How to Find Fix-n-Flip Deals in a Shrinking Market
According to the National Association of Realtors®, home prices in metropolitan areas have been accelerating since Q3 2016. In addition, foreclosures have dropped to the lowest level in 12 years, and Q1 2017 saw the strongest three-month sales rate in 10 years. While this is brilliant news for sellers, the growing inventory shortage and rising prices in the housing market are making it increasingly challenging for fix and flip investors to find viable investment properties. However, this doesn’t mean that there aren’t any out there. Keep the following three tips in mind:
Tip #1: Do your research.
You need to know your local housing market inside and out. Use MLS listings to your advantage. Granted, you’ll probably have to work through more listings than usual to find ones that are interesting. Nonetheless, fewer foreclosures and higher asking prices shouldn’t deter you from pinpointing interesting properties and researching them to see if they could be good investments.
Just take into account that with higher asking prices, you’ll also be looking at higher initial investments for your projects. So if you want to finance them, you have to make sure you meet all the financial requirements. Because even if the percentage you have to finance remains the same as in a buyers’ market, the actual dollar amount of your stake in each project will be higher because the properties cost more.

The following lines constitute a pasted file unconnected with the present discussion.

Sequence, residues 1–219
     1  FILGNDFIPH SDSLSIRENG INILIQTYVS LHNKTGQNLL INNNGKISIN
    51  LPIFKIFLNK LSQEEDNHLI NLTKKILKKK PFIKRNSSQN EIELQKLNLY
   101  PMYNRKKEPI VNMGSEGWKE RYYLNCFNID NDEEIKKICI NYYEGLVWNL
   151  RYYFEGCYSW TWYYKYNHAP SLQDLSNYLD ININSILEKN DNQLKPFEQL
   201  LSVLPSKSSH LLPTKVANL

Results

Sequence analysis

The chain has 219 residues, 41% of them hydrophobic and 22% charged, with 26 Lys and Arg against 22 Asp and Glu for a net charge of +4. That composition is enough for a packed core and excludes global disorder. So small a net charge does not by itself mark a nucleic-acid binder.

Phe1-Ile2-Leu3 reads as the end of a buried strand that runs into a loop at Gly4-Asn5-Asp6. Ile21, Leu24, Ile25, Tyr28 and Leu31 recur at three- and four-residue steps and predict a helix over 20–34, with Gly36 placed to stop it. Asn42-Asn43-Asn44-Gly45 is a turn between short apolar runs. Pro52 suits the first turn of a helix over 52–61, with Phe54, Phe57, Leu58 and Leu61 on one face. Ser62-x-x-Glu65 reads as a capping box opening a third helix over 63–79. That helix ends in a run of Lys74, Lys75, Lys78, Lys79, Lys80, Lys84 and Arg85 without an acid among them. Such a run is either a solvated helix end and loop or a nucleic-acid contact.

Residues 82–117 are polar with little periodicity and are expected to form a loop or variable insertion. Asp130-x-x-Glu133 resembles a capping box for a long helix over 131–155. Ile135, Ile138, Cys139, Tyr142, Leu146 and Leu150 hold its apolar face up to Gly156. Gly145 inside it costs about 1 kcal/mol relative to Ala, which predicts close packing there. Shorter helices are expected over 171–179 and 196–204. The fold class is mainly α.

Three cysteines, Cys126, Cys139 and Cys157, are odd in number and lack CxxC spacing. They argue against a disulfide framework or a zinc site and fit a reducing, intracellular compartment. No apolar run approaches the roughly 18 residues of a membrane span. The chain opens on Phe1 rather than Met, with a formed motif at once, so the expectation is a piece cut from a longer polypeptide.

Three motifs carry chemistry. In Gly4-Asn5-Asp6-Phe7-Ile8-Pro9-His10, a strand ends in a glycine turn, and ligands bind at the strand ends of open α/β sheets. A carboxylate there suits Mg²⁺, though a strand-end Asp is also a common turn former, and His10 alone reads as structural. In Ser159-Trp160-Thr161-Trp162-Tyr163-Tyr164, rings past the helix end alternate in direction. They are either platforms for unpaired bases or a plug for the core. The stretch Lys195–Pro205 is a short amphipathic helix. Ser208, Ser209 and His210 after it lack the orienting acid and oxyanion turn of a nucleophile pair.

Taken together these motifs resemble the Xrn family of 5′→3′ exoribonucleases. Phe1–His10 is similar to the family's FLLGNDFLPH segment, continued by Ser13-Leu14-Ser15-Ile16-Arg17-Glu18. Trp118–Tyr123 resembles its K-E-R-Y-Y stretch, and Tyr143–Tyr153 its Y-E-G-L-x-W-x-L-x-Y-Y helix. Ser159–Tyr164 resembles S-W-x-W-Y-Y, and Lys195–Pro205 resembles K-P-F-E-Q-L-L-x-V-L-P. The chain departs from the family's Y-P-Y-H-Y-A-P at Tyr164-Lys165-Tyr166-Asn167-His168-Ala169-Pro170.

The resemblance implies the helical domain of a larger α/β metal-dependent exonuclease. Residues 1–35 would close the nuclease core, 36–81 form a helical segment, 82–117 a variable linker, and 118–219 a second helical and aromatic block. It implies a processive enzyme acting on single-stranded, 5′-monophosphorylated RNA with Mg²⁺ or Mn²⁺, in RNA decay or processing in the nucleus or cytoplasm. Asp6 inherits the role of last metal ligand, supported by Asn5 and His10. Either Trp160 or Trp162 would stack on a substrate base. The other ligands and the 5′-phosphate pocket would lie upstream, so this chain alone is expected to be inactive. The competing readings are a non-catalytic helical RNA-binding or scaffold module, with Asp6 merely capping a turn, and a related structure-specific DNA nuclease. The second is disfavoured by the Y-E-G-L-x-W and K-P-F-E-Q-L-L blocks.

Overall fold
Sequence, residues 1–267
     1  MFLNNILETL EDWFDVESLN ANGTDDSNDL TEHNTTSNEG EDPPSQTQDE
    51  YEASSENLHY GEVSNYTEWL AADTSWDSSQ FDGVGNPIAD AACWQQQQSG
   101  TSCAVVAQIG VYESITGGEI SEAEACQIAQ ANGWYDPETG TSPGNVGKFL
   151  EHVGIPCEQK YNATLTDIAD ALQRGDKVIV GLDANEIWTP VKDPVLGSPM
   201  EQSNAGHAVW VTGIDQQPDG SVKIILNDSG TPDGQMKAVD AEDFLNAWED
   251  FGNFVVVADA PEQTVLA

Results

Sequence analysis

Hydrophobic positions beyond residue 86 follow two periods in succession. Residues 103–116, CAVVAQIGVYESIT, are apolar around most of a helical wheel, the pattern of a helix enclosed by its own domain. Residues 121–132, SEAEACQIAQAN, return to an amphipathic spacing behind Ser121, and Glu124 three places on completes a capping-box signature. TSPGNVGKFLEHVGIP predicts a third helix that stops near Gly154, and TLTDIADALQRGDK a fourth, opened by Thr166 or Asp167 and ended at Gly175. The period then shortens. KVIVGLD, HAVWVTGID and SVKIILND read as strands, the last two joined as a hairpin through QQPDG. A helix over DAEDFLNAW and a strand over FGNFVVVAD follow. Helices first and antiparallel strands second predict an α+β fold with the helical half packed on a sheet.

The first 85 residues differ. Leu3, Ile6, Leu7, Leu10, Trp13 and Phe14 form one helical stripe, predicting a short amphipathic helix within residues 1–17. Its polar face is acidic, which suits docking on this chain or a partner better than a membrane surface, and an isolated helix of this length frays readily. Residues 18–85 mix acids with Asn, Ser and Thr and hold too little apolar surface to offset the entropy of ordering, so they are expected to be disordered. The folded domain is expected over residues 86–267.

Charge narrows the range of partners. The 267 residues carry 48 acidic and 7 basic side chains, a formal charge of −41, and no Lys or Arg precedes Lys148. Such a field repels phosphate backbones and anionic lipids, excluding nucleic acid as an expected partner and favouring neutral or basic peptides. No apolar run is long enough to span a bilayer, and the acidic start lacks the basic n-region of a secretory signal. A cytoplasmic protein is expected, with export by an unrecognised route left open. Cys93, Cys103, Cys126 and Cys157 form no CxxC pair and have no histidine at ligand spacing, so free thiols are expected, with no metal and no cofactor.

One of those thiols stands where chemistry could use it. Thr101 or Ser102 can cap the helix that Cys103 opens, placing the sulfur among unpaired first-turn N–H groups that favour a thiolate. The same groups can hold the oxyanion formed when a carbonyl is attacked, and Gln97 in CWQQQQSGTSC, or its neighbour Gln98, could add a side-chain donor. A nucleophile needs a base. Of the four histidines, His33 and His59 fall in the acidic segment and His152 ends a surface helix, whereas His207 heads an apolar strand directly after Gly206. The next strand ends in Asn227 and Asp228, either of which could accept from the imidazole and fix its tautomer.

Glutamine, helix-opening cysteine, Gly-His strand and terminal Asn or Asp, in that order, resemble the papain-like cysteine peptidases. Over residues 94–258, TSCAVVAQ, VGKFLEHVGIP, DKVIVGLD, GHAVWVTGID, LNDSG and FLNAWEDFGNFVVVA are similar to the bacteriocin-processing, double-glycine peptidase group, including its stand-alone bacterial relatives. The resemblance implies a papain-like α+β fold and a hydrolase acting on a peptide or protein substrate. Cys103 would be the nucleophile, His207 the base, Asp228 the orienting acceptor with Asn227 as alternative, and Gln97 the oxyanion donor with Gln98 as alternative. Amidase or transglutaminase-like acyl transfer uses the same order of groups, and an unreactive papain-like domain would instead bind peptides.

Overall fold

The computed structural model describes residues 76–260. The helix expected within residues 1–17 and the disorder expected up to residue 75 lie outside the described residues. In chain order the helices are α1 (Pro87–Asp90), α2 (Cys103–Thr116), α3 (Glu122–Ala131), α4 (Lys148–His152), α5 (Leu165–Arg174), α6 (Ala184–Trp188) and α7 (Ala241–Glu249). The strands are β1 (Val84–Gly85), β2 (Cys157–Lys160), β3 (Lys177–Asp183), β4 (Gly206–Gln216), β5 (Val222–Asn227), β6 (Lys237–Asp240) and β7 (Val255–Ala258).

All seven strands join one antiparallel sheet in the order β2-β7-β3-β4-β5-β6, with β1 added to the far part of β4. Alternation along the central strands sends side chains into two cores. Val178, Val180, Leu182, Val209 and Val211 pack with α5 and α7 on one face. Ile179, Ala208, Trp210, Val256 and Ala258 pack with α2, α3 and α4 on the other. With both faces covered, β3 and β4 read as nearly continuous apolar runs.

Tip #2: Network.
Especially during inventory shortages, it’s key to have a network of realtors, brokers, contractors, and other local business people who can alert you to interesting opportunities. Sometimes, other fix and flip investors will refer properties to you for a modest finder’s fee if they don’t have the bandwidth to take on the projects themselves.
Make sure to stay in touch with your contacts online by using LinkedIn and other social networks. And never underestimate the importance of in-person networking events at organizations like your local Association of Realtors or Chamber of Commerce.
Tip #3: Hire a property acquisition manager.
In a tight housing market, you usually have to approach more prospects before you find a good deal. Many sellers hold out for better offers—especially when time isn’t an issue for them.
If researching viable properties is taking up so much of your time that you’re not getting around to the other aspects of your business, then you should consider hiring a property acquisition manager. This is a professional who knows how to source leads, research them, and create shortlists of the most interesting projects so you can follow up. While hiring a property acquisition manager is an additional expense, a skilled and experienced professional is well worth the investment.
Regardless of how tight the housing market is and whether there is an inventory shortage, the fix and flip equation remains the same: Find a property, rehab it well, and sell it at a profit. So while initial investments are likely to be higher, the potential profits should be correspondingly higher—and ultimately, that’s what will convince lenders to finance your projects.